A Master’s in Healthcare Administration is a professional degree that teaches the fundamentals of health administration, such as the management of hospitals and other major organizations. Students will also touch upon issues such as healthcare economics, healthcare marketing, human resource management, and information systems management.
This interdisciplinary major looks at health policy and business approaches to creating better health outcomes in the community.
What kind of Healthcare Administration degree should you get?
The most common master’s degree in the professional health field is the Master of Healthcare Administration (MHA). These programs are linked with public policy, and thus many universities will offer this degree through their school of public policy or separate health school.
While some schools may offer this degree with concentrations about specific aspects of the healthcare system, in general an MHA degree will combine healthcare knowledge and management theories.
In addition, because MHA degrees are very closely related to business, some colleges will offer a Master of Business Administration (MBA) with a focus in Healthcare Administration.
Other schools will allow students to take classes in both business and healthcare and receive a dual MBA-MHA degree. This path is ideal for students who wish to perhaps learn more about the business, corporate, and economic side of the healthcare system. If you’re interested in online education, be sure to check out College Choice’s Best Online Master’s in Healthcare Administration Degrees.
How much money do people make with a Master’s in Healthcare Administration?
In 2015, the median salary for all medical and health service managers was $94,5000. However, salaries ranged from $56,230 to $165,380 during this period, meaning that location, industry, and job title made the difference when it came to actual salary.
According to Payscale, some typical salaries included: Healthcare Administrator ($69,401), Healthcare Consultant ($73,198), or Director of Operations ($103,988). The most popular cities to work in for this field include Chicago, New York, Houston, Dallas, and Austin.
Where you work and the level of responsibility your job title holds also impacts salary. According to a 2010 study done by the Medical Group management Association, administrators in practices with fewer than six doctors made $86,000, but with over 26 doctors the salary went up to as much as $150,000.
What can you do with a Master’s in Healthcare Administration?
An MHA degree gives graduates the necessary skills they need to enter into upper-level managerial positions in the healthcare field. An MHA degree not only pays well, but also gives students hands-on experiences through its residency program. During this experience, students get a paid placement in reputable healthcare organizations, working alongside other professionals.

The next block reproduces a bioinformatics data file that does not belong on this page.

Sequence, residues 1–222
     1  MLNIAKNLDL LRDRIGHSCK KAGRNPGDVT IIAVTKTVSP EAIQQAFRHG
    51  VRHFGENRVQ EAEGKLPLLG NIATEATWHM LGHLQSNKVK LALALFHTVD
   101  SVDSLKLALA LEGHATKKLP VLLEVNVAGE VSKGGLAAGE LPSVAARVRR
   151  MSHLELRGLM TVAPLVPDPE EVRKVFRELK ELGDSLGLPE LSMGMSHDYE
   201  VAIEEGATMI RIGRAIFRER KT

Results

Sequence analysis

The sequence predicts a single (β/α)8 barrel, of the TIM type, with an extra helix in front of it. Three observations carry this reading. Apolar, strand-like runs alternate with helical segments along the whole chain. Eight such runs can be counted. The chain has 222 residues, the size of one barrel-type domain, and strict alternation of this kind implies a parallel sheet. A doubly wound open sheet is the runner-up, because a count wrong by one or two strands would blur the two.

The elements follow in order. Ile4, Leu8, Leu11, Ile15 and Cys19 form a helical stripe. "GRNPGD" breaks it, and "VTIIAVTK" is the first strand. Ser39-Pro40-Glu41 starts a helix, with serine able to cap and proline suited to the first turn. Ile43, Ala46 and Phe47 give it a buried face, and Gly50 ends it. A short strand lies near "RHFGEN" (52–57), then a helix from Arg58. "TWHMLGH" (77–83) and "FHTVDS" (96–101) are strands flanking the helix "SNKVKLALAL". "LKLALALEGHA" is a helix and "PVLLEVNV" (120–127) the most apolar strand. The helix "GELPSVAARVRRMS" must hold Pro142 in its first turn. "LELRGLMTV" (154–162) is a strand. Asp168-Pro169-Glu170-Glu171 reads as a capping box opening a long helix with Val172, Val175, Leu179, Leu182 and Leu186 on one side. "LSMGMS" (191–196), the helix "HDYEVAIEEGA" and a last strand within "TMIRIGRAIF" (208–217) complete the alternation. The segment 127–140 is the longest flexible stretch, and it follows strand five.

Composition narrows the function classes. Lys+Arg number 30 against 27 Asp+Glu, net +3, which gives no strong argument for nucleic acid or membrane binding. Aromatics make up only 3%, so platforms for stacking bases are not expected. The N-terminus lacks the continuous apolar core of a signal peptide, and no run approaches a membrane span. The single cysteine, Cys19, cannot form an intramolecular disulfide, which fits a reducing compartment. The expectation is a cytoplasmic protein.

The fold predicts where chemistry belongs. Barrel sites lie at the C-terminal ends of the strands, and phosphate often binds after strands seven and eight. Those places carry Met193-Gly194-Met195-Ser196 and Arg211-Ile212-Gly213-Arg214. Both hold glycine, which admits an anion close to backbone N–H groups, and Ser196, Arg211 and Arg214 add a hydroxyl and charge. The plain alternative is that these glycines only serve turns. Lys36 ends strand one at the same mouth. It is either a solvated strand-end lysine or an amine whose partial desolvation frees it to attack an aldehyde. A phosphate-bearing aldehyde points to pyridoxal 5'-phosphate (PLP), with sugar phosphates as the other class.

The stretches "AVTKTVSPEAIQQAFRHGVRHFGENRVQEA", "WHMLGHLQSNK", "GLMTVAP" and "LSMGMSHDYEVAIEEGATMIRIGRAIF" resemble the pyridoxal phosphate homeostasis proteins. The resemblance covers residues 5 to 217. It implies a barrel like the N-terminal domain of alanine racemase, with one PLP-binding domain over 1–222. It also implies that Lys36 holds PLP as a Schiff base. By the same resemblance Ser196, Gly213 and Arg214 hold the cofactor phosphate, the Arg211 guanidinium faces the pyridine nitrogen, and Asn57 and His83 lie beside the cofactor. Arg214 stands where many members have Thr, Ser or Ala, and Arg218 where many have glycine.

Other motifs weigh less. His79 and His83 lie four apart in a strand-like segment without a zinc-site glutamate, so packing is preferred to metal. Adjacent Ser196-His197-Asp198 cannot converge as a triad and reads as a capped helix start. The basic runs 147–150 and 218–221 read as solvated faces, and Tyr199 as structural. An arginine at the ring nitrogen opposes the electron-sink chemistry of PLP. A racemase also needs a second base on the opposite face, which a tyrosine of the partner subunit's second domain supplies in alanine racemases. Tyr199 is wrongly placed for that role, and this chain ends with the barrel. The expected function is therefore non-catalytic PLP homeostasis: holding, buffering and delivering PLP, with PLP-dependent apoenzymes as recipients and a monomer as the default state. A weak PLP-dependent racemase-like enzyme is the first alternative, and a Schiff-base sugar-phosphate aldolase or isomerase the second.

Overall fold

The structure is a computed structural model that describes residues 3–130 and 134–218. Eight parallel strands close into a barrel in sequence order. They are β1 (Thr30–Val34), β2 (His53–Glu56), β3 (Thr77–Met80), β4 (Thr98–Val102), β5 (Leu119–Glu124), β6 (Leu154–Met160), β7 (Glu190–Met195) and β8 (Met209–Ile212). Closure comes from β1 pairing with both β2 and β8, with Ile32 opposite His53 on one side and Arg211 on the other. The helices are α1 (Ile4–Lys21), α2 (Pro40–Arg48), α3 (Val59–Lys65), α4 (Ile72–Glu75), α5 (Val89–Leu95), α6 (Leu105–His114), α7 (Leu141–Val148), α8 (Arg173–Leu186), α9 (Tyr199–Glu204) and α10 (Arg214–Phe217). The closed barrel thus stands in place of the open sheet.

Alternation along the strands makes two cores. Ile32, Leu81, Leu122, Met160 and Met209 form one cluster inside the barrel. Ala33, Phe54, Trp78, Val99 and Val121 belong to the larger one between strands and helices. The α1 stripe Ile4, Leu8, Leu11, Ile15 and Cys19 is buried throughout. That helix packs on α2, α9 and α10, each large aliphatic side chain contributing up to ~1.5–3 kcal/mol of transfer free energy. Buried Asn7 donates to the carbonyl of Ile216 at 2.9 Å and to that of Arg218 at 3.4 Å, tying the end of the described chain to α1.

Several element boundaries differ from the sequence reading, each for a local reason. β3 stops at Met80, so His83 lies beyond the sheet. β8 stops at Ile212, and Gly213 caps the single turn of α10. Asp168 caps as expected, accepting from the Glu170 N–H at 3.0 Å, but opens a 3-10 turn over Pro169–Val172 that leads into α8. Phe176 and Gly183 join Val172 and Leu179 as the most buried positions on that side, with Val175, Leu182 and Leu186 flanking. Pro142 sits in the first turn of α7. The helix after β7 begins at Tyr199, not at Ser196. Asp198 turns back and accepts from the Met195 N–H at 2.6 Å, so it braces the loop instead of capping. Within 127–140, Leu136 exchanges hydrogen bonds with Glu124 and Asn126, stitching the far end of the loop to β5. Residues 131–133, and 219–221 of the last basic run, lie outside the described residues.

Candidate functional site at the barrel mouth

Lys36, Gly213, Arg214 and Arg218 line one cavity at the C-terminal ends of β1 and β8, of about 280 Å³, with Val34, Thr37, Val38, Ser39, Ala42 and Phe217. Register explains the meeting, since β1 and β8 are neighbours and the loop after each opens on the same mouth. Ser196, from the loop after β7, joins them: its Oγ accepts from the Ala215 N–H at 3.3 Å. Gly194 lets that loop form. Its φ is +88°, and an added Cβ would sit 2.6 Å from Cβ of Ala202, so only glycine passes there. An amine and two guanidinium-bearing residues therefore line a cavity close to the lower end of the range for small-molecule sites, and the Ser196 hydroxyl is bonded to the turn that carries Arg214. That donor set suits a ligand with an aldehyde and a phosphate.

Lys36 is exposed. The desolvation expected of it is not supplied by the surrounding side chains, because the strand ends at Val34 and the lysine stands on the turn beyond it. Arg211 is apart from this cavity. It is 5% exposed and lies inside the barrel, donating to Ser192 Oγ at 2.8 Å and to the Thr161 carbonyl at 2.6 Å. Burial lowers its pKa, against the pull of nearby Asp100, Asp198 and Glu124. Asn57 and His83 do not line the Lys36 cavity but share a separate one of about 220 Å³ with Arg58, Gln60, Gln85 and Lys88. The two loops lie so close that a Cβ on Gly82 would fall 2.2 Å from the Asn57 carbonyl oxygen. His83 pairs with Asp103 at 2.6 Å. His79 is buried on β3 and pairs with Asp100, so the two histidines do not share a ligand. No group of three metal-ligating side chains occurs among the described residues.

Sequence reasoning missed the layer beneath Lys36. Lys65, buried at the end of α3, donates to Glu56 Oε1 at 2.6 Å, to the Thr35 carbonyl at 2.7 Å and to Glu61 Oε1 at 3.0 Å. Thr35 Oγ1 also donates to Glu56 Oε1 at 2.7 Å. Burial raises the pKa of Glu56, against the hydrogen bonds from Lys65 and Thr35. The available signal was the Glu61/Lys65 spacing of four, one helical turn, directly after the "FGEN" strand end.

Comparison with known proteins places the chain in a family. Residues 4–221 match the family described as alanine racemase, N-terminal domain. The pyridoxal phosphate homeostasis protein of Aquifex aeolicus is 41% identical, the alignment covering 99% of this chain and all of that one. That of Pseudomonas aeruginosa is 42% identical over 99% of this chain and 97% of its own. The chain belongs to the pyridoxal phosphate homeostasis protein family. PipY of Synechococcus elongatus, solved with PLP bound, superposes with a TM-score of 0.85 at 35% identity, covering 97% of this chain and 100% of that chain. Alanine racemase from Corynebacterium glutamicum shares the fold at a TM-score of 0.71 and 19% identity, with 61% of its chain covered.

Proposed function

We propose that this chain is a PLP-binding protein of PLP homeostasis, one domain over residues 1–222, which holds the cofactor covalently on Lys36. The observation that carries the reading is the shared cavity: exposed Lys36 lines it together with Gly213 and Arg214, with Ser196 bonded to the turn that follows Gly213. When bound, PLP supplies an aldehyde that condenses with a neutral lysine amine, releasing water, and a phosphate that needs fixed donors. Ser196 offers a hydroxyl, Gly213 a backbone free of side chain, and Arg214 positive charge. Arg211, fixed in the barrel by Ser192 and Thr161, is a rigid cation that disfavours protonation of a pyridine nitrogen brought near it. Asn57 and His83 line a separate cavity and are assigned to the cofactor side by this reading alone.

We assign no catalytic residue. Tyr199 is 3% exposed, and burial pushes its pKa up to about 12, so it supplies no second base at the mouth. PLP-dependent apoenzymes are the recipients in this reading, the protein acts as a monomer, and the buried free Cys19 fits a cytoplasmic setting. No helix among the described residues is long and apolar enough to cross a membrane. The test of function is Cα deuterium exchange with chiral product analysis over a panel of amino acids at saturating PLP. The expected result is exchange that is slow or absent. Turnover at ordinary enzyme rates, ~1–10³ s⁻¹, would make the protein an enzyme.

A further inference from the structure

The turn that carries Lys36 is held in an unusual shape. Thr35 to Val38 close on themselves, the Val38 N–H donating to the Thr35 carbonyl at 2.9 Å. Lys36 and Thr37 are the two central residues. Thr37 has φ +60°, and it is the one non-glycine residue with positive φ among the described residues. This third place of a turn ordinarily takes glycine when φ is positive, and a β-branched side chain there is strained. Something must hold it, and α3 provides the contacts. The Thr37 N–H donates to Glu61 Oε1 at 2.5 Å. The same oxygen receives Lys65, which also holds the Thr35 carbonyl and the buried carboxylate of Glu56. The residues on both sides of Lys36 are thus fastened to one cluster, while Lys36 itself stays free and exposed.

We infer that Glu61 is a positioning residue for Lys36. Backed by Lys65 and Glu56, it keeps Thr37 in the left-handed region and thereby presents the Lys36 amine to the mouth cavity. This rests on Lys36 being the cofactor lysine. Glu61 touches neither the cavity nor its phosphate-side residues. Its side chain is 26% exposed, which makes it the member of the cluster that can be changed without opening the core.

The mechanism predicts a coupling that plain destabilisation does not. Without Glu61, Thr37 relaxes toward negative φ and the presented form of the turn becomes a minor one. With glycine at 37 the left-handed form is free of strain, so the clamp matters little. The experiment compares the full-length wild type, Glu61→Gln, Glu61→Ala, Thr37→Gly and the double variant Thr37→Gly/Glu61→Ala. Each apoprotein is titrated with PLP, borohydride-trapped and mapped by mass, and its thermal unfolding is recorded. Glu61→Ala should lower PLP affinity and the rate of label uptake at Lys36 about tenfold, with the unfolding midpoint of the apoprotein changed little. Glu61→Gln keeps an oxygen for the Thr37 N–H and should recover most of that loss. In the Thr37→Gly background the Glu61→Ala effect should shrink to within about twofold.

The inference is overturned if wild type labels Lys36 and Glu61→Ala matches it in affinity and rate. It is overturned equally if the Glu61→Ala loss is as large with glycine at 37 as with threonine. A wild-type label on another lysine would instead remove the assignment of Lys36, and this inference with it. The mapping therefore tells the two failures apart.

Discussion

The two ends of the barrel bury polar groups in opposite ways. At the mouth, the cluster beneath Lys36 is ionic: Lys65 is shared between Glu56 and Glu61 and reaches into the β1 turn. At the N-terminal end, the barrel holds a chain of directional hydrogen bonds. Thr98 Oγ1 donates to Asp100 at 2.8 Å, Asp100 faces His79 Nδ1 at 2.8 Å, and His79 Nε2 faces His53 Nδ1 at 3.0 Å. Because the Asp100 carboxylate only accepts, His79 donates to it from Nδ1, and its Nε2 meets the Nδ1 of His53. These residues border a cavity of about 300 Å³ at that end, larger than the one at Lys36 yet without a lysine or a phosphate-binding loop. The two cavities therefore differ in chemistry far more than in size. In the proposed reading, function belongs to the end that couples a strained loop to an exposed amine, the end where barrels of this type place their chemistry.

MHA degree graduates can work in a variety of fields, both in the public and private sector. These workplaces include hospitals, clinics, group physician practices, outpatient care centers, mental health organizations, rehabilitation center, and long-term care facilities. Some possible job titles are practice manager, chief nursing officer, director of patient safety, and administrator.
What are the requirements for a Master’s in Healthcare Administration?
A strong applicant for an MHA program would have graduated with a health-related bachelor’s degree from an accredited university with a cumulative GPA of 3.0 on a 4.0 scale. Schools also look at work experience and community service.
Most programs require students to submit their Graduate Record Examination (GRE) or Graduate Management Admission Test (GMAT) scores, but some programs will allow students to skip this requirement if they possess at least two years of experience in a professional healthcare setting.
What are the best Master’s in Healthcare Administration?
College Choice has compiled a list of the 35 best Master’s in Healthcare Administration, ranking schools based on their institutional excellence and student success rate. Data was gathered from individual school websites, the National Center for Education Statistics’ IPEDS database, Payscale, and the U.S. News & World Report. Student-to-faculty ratio, tuition costs, projected early career salary, graduation rate, etc. were all taken into consideration when creating this ranking.
See our rankings methodology page.